Fear sells better than sex. That was the conclusion of a university researcher a few years ago, when asked why people would fork over $2 million for one of the "Doomsday condos" being built inside of an old nuclear missile silo in Kansas.
Forget your Hollywood starlets and Viagra-fueled fantasies: When the world is going crazy, what could be more comforting than a 14-story luxury apartment bunker, complete with swimming pool, movie theater and underground farm?
And the mega-rich apparently aren't the only folks looking for safety in the Heartland. Vivos, a California firm, just announced plans to build a 2 million-square-foot survival shelter and recreational vehicle resort in an abandoned limestone mine near Atchison, Kan. The former U.S. Army storage facility is 150 feet beneath the surface and comes complete with nuclear-proof blast doors.
The company is reportedly asking $1,500 per person and $1,000 per lineal foot for the RVs. Book your spot now, because it will be too late once Armageddon is upon us.
As impressive as these entrepreneurial efforts may be, though, the recent news from Washington shows they're rank amateurs when it comes to cashing in on people's fears.
The U.S. Senate, for example, enthusiastically approved plans to add $38 billion in border security costs to what had been an $8 billion immigration reform bill.
The amendment was proposed to address concerns that, if nothing is done to tighten our borders, immigration reform will simply become a free path to citizenship for anyone able to sneak in from Canada or Mexico.
The measure calls for 20,000 new border patrol agents, 700 miles of new fencing and $4.5 billion in drones and high-tech border surveillance equipment. It would double the size of the U.S. Border Patrol - an agency that has already seen its budget increase tenfold in the last 20 years, from $326 million in 1992 to $3.5 billion in 2012 - and install a spiffy, double-layered fence at an average cost, according to a Government Accountability Office report, of about $3.9 million per mile.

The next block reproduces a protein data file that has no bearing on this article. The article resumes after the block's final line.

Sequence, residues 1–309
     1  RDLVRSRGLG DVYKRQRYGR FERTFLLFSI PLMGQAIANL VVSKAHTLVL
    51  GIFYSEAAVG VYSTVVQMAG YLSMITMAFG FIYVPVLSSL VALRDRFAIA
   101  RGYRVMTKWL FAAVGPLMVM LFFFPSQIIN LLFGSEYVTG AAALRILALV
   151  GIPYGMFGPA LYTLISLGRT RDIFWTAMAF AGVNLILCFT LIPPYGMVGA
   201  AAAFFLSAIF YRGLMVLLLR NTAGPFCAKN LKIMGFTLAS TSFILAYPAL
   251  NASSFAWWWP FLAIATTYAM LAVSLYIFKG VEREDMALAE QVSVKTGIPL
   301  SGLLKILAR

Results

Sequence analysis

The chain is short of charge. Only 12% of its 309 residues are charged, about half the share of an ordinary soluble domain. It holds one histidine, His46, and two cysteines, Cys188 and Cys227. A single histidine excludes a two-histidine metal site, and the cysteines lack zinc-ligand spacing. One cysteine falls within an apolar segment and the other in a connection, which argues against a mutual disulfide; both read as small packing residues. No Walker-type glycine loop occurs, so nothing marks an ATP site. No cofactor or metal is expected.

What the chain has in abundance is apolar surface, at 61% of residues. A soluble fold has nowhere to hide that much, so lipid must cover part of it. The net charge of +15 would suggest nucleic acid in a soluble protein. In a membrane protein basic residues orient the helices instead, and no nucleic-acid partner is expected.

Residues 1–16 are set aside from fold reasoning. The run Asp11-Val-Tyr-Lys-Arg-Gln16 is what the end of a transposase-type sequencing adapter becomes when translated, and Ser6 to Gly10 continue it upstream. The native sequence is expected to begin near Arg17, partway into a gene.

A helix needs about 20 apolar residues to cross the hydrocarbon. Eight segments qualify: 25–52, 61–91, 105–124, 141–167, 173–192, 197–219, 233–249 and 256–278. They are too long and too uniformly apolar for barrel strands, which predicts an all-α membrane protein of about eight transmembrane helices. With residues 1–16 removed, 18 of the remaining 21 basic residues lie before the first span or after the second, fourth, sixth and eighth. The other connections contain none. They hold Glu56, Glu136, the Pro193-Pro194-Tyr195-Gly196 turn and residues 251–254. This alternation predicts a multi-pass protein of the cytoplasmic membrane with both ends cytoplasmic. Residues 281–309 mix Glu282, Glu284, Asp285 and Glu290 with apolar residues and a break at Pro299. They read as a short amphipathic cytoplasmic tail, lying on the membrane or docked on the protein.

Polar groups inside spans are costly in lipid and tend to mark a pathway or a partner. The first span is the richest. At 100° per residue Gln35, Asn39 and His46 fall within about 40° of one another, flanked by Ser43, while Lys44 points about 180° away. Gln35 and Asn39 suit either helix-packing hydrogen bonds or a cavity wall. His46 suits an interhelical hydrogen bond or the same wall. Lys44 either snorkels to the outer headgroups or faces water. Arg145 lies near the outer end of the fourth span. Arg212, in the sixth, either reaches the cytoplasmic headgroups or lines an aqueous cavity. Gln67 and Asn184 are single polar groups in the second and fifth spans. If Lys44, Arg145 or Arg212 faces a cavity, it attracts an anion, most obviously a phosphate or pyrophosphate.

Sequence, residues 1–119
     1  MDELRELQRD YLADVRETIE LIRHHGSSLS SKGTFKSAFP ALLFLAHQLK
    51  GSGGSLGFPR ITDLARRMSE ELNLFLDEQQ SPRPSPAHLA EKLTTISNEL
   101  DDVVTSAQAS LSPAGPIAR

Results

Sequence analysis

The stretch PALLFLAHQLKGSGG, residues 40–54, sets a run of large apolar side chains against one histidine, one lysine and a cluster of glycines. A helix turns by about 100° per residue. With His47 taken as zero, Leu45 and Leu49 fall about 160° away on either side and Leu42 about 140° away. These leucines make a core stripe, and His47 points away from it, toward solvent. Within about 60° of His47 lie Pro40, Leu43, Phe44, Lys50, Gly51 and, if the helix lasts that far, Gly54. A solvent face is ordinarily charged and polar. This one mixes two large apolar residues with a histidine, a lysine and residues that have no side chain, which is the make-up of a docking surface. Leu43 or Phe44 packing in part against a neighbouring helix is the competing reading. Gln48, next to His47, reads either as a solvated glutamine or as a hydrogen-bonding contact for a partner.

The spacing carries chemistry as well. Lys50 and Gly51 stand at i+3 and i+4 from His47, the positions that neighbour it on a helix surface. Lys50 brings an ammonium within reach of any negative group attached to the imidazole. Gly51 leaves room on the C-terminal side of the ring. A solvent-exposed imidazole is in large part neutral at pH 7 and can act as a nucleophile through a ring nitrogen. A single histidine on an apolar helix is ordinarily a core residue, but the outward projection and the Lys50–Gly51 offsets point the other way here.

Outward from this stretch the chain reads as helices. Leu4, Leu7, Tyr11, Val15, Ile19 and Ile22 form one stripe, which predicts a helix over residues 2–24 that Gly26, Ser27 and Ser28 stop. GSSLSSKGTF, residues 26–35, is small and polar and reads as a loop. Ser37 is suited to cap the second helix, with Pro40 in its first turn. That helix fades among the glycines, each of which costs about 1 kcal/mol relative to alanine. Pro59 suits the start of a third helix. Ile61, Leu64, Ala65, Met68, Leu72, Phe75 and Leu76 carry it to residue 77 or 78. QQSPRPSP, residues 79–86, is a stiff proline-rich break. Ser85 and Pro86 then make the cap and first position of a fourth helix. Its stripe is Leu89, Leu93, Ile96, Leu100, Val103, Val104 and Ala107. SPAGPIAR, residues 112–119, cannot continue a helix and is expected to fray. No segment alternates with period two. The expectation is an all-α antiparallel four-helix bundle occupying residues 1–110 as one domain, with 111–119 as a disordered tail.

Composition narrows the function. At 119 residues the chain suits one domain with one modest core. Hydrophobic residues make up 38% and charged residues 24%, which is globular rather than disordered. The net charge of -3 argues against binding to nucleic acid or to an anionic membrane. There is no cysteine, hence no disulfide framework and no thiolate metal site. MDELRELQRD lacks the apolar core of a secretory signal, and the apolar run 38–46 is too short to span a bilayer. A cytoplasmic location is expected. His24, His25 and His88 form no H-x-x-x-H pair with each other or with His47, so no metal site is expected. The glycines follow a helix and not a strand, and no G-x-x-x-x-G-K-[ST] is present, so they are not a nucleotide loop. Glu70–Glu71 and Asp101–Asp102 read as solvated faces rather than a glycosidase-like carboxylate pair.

The plan is straight out of "Dr. Strangelove," protecting America's precious bodily fluids from the polluting influence of illegal immigrants and all things foreign, while simultaneously lining the pockets of the nation's security-industry contractors.
By all means, if we can't let freedom ring, let's at least stand atop the ramparts of Fortress USA and safely thumb our noses at those huddled masses yearning to take our jobs and benefits.
Oh, for the simpler days of the Peloponnesian War, when Pericles praised the Athenian city-state for its intellectual strength and openness:
"Far from exercising a jealous surveillance over each other, we do not feel called upon to be angry with our neighbor for doing what he likes. We throw open our city to the world, and never by alien acts exclude foreigners from any opportunity of learning or observing, although the eyes of an enemy may occasionally profit by our liberality," he said during his famous funeral oration, described in Thucydides' "History of the Peloponnesian War."
But times are more difficult now. Fear is the coin by which politicians and businessmen earn their livelihood. So shutter the doors. Let loose the high-tech hounds. It's July - time to celebrate our independence.
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